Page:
September 11, 2016

Memory, Poetry and Politics: Thoughtful Views from Instagram on the 15th Anniversary of 9/11

In recent anniversary years, we’ve been interested in new, or unpublished photos of 9/11 to help us remember, process and mourn. Last year, we published a unique photo of boys on bicycles at Ground Zero.  The year before that, we offered this evocative photo from Williamsburg. This year, we have carefully collected a group of Instagram photos from the last few days. Some of them address the event more literally, though we were drawn even more to the poetic, as well as political. We’ve added a few thoughts about each one.


GaryHershorn’s Empire State Building/s

As we wrote in our repost of Hershorn’s almost mystical articulation of the Empire State Building as mid-town twin towers:

Strangely wonderful pic as photographers are flocking to Instagram to post photos from 9/11 in honor of the 15th anniversary. The caption makes no mention of it but the photo makes us think about how rooted the event is and how much the memories are in the air.

34th Street, New York #newyork #newyorkcity #nyc @empirestatebldg

A photo posted by Gary Hershorn (@garyhershorn) on

Gary Hershorn’s United

History, memory, and trauma re-surfaces all the time connected quietly and incidentally to our everyday. Gary Hershorn’s feed in the week leading up to the fifteenth anniversary contained several photos specifically about 9/11. There are other shots in between, however, that didn’t mention it at all. Together though, they didn’t really have to. It’s just a United Airlines passenger flight on approach to Newark airport traversing a fence in the foreground. Like United Flight 175 was just another flight approaching the New York area on that day in 2011 … until it wasn’t.

A #united jet on approach to #newarkairport #newark #newjersey #newyork #airplane

A photo posted by Gary Hershorn (@garyhershorn) on

Floodthezone’s Freedom Tower (Pancho Bernasconi)

It seems like the lusty obsession with the Freedom Tower, especially by visual media, runs as deep as the hole in the ground, and the heart, that was left by its predecessor/s.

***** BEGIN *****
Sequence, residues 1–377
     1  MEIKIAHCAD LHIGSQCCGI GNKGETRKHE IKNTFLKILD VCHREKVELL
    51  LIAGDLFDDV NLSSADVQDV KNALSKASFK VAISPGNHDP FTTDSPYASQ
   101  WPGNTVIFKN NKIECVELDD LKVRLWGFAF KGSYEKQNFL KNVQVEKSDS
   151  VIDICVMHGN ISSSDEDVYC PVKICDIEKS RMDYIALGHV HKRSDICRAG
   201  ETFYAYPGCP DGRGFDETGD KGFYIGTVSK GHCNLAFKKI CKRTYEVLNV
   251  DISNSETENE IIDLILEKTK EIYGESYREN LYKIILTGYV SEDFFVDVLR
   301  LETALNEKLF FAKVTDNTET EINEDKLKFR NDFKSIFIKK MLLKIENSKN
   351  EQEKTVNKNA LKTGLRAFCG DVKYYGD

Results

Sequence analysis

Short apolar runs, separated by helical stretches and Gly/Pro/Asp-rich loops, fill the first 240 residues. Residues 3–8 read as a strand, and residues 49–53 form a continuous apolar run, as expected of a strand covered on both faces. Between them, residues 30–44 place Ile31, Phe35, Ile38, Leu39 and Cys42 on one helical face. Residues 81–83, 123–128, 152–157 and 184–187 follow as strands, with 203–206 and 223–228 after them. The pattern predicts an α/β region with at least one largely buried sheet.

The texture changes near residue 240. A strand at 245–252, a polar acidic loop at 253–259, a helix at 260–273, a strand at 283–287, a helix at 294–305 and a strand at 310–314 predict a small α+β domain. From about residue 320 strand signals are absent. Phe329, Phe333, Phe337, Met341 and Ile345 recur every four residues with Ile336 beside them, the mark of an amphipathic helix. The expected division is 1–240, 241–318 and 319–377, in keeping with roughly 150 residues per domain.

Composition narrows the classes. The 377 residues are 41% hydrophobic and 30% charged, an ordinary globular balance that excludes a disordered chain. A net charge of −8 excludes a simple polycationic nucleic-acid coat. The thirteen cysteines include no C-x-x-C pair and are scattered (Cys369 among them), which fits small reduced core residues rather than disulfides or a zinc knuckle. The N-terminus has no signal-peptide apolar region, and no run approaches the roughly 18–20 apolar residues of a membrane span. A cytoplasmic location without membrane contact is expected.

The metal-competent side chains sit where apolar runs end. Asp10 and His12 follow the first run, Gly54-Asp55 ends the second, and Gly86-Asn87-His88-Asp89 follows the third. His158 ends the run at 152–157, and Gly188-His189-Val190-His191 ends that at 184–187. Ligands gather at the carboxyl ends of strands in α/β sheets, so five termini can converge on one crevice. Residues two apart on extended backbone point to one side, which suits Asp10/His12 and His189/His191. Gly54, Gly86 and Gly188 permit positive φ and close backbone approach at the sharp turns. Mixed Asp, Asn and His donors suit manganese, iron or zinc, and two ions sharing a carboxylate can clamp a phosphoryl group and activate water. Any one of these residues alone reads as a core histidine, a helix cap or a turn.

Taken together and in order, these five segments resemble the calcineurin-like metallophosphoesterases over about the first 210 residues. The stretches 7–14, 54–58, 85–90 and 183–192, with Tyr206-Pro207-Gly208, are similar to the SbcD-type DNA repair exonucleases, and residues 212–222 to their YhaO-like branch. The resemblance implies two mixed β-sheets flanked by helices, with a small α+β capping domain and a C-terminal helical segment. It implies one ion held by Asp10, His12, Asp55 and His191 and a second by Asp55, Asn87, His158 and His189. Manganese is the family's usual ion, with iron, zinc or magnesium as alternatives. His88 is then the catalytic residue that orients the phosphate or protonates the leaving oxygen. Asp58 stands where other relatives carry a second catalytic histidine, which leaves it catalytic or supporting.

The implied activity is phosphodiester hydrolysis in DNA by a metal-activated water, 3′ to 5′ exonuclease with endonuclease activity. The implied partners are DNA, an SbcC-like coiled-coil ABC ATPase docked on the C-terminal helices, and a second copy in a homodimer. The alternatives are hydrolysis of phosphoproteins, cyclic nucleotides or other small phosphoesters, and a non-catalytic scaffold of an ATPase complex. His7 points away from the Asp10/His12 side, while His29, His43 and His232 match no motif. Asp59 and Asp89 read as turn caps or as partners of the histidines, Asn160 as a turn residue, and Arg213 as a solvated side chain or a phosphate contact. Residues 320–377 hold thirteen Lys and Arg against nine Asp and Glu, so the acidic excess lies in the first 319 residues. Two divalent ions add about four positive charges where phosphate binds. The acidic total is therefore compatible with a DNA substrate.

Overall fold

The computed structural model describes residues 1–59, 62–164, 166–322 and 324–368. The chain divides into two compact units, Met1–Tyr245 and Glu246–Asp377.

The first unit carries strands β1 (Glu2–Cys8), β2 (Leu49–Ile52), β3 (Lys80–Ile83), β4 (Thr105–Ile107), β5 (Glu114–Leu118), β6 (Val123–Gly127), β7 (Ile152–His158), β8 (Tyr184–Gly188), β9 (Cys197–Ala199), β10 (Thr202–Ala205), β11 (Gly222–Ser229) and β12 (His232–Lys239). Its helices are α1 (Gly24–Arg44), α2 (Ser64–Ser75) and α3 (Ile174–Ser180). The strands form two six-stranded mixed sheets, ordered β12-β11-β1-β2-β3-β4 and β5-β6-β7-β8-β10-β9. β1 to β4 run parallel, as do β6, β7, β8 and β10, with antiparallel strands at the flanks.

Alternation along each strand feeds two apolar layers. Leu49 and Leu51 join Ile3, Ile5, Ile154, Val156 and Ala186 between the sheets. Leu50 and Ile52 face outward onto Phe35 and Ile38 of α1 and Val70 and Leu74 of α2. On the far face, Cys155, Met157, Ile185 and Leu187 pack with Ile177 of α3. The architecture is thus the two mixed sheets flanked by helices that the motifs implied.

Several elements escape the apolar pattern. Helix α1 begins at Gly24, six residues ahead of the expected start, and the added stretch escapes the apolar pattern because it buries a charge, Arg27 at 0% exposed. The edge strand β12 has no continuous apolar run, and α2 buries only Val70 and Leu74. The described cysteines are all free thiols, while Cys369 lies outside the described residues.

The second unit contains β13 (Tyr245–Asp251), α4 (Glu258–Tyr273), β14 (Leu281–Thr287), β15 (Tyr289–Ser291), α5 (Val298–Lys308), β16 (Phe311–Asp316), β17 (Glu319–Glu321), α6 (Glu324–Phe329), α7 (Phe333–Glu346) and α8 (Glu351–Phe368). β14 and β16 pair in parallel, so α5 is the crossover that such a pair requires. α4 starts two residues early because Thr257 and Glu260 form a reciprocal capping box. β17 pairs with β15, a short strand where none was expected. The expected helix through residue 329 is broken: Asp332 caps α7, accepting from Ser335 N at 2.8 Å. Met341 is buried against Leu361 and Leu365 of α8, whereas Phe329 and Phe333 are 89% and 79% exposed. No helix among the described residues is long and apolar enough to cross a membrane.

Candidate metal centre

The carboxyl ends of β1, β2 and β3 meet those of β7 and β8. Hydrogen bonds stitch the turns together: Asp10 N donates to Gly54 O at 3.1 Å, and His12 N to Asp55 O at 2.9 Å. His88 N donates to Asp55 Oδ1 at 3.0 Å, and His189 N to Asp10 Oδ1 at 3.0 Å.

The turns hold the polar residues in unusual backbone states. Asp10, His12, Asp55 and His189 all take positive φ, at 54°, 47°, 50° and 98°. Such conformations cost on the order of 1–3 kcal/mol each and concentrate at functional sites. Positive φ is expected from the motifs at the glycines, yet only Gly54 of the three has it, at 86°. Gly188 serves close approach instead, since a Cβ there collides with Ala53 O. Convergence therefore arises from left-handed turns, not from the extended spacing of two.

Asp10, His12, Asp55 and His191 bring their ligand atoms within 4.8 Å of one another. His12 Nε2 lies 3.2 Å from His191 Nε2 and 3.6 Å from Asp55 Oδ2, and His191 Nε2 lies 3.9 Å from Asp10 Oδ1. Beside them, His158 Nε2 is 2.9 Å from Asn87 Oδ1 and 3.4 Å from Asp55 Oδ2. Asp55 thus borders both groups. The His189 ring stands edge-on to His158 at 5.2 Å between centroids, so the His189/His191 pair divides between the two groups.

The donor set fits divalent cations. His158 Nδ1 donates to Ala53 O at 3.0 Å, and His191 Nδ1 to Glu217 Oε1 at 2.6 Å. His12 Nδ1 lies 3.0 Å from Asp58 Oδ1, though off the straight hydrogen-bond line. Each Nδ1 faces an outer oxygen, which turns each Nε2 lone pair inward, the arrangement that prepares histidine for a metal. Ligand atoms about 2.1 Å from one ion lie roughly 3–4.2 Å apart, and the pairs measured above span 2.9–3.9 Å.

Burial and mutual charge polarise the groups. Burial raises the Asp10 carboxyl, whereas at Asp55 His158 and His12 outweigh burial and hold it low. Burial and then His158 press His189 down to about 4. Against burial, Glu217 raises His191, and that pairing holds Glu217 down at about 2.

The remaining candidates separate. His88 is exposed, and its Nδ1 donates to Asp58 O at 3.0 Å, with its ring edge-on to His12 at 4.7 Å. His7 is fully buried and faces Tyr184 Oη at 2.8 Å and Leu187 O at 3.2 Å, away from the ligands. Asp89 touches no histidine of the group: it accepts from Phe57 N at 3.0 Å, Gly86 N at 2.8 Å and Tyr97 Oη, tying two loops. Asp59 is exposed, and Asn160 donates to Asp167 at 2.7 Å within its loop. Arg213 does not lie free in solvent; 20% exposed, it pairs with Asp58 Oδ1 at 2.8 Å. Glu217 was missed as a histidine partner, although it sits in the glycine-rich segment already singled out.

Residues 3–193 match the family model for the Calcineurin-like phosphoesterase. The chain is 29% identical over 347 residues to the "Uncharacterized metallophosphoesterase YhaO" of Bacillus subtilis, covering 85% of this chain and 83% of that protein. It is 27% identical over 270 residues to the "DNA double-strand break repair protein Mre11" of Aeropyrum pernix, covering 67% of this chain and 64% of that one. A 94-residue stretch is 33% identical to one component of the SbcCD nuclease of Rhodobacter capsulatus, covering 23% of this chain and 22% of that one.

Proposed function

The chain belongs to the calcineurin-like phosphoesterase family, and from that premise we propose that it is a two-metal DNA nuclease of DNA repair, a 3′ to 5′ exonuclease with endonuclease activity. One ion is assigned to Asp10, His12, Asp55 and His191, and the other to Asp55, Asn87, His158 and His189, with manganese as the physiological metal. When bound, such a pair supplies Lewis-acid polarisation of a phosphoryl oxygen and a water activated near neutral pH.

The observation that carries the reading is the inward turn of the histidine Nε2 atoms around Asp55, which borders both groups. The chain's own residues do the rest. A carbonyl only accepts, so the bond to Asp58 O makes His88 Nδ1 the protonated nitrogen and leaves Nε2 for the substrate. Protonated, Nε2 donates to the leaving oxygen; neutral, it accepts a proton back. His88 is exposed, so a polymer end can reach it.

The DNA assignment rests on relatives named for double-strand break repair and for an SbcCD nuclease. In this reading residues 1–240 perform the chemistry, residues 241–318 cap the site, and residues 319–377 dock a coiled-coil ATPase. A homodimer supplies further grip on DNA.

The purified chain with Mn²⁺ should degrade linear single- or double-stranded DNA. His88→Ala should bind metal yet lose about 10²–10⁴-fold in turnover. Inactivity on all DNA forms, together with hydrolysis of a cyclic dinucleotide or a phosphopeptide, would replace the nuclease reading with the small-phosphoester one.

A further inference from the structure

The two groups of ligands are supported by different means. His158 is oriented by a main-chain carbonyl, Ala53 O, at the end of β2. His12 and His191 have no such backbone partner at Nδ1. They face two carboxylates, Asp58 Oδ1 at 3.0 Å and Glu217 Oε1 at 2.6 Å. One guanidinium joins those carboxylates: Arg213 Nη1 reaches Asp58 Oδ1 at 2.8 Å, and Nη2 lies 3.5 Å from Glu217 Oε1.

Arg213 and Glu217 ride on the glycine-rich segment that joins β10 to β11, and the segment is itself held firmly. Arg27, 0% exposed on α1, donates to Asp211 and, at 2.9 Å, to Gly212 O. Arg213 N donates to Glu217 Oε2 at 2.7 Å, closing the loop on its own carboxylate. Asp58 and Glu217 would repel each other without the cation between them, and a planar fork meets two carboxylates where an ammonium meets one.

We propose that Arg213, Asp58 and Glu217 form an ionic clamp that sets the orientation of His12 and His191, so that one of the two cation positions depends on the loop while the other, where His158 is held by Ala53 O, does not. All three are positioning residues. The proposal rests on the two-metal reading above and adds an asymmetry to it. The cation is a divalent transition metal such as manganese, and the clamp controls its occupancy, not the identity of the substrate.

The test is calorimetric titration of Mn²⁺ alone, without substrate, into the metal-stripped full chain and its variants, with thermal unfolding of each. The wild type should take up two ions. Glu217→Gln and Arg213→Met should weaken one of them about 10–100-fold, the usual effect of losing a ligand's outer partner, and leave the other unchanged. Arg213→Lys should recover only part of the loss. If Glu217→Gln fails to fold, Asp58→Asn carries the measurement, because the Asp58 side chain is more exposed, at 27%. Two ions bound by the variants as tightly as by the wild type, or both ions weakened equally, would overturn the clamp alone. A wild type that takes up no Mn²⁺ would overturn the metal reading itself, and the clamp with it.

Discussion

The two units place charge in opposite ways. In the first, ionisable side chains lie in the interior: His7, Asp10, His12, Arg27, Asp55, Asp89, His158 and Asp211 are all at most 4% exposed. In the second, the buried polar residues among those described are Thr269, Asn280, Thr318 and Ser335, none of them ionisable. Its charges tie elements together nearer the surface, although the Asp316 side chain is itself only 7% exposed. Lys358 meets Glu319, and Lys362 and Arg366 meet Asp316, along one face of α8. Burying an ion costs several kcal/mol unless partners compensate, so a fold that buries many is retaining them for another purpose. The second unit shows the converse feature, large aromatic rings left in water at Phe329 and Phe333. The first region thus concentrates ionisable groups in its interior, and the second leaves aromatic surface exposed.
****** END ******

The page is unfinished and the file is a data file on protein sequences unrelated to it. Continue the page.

Todd Heisler’s Ranger

Todd Heisler’s photo turns a ranger and the tour ritual at the 9/11 Flight 93 crash site in Shankesville Pennsylvania, into poetry. How haunting (if still, just paper, and so documentary) to see that fated jet return to the sky.

In case you missed it, our latest dispatch for This Land with @danbarry1958 Follow the link in my profile for the whole piece. The last time I stood in this field it was September of 2002. I was with Somerset County coroner Wally Miller, who has carried the heavy burden of Flight 93. A small memorial was growing at the top of the hill. Below, in the field where an official memorial now stands, he showed us small shards of the plane that are found to this day in the nearby woods. Now it is a national park. From Dan Barry: SHANKSVILLE, Pa. — Just another Thursday, and the morning mix includes leather-vested bikers from New Jersey, Amish visitors from Pennsylvania and a few children adjusting to a park not intended for play. They settle onto benches for the 11 o’clock retelling. A ranger in the green and gray of the United States National Park Servicetucks his peanut-butter-and-jelly lunch on a shelf and walks out to face his audience. A field of wildflowers undulates behind him; the pewter-bellied clouds seem nearly within reach. He begins: “Remember how bad the weather was that morning?” Hesitant nods turn quickly to head shakes. No. On that particular September morning, you could see forever. This is just the ranger’s way of buckling you in. Helping some to remember what we already know. Helping others, especially those who were not yet born, to envision a beautiful, calamitous day now nearly 15 years in the past. His name is Robert Franz, he is 61, and his title is “interpretive park ranger,” which means that his job is to tell the story of what happened in that color-dappled field behind him, again and again and again. #thisland #911memorial

A photo posted by Todd Heisler (@heislerphoto) on